Sperm chemotaxis is driven by the slope of the chemoattractant concentration field

Spermatozoa of marine invertebrates are attracted to their conspecific female gamete by diffusive molecules, called chemoattractants, released from the egg investments in a process known as chemotaxis. The information from the egg chemoattractant concentration field is decoded into intracellular Ca2+ concentration ([Ca2+]i) changes that regulate the internal motors that shape the flagellum as it beats. By studying sea urchin species-specific differences in sperm chemoattractant-receptor characteristics we show that receptor density constrains the steepness of the chemoattractant concentration gradient detectable by spermatozoa. Through analyzing different chemoattractant gradient forms, we demonstrate for the first time thatStrongylocentrotus purpuratus sperm are chemotactic and this response is consistent with frequency entrainment of two coupled physiological oscillators: i) the stimulus function and ii) the [Ca2+]i changes. We demonstrate that the slope of the chemoattractant gradients provides the coupling force between both oscillators, arising as a fundamental requirement for sperm chemotaxis.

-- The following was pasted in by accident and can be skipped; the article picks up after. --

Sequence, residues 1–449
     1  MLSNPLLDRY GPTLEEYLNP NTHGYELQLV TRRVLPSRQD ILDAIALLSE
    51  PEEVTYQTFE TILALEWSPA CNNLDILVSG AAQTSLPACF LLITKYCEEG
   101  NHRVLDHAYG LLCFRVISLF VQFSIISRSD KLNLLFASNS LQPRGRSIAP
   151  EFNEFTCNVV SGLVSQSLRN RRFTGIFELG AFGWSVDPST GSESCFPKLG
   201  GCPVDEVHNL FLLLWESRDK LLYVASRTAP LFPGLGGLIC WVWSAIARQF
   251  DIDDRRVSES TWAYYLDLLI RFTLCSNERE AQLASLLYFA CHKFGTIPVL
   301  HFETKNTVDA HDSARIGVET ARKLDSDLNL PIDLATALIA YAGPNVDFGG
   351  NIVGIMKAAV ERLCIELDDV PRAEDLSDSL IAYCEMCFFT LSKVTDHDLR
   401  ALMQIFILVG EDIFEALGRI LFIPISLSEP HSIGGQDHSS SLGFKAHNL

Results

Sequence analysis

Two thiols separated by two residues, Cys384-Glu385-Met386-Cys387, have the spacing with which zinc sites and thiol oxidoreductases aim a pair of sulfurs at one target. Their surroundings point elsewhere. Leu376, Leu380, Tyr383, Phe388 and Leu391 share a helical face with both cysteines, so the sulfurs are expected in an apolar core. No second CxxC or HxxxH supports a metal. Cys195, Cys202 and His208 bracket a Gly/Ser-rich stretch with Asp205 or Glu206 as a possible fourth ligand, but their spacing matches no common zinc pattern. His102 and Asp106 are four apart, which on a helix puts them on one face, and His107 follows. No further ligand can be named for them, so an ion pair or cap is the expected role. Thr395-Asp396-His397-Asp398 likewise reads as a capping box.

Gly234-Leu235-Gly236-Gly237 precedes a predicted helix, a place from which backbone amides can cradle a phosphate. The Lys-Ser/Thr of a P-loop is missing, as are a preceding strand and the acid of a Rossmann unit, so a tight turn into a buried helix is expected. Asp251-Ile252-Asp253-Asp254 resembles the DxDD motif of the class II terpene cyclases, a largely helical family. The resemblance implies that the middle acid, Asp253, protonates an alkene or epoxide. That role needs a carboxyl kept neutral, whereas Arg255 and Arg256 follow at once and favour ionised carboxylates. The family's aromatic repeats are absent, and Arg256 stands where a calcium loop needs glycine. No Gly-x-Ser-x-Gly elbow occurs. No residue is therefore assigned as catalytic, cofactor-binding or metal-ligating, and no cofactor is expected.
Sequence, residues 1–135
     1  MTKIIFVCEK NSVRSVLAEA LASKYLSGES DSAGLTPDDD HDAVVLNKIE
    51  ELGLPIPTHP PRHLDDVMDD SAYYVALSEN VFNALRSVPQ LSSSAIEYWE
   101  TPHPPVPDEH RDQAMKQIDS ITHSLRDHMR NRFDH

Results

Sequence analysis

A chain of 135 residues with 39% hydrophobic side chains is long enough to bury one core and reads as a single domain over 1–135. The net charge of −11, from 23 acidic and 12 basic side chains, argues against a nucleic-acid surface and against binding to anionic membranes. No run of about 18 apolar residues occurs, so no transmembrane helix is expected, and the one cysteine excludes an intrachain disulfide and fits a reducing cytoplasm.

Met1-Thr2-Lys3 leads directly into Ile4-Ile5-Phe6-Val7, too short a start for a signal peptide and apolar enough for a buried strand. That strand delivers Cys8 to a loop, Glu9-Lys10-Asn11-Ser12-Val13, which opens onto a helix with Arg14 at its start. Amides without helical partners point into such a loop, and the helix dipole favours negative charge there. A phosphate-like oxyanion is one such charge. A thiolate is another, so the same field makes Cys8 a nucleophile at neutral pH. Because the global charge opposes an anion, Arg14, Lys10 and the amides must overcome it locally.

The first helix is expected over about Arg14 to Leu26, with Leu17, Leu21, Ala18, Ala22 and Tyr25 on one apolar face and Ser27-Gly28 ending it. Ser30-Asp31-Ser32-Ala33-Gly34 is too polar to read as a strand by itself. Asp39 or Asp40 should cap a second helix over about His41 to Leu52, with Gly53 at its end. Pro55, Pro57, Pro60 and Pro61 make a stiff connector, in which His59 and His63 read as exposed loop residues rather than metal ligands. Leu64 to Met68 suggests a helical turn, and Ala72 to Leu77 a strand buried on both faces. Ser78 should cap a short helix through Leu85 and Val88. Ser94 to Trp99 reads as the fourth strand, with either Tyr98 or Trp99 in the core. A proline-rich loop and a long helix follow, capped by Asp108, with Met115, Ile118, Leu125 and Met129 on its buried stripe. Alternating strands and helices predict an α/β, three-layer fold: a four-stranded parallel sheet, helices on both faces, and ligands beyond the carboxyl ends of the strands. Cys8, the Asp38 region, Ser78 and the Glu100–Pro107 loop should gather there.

Source: eLife - Category: Biomedical Science Tags: Physics of Living Systems Source Type: research

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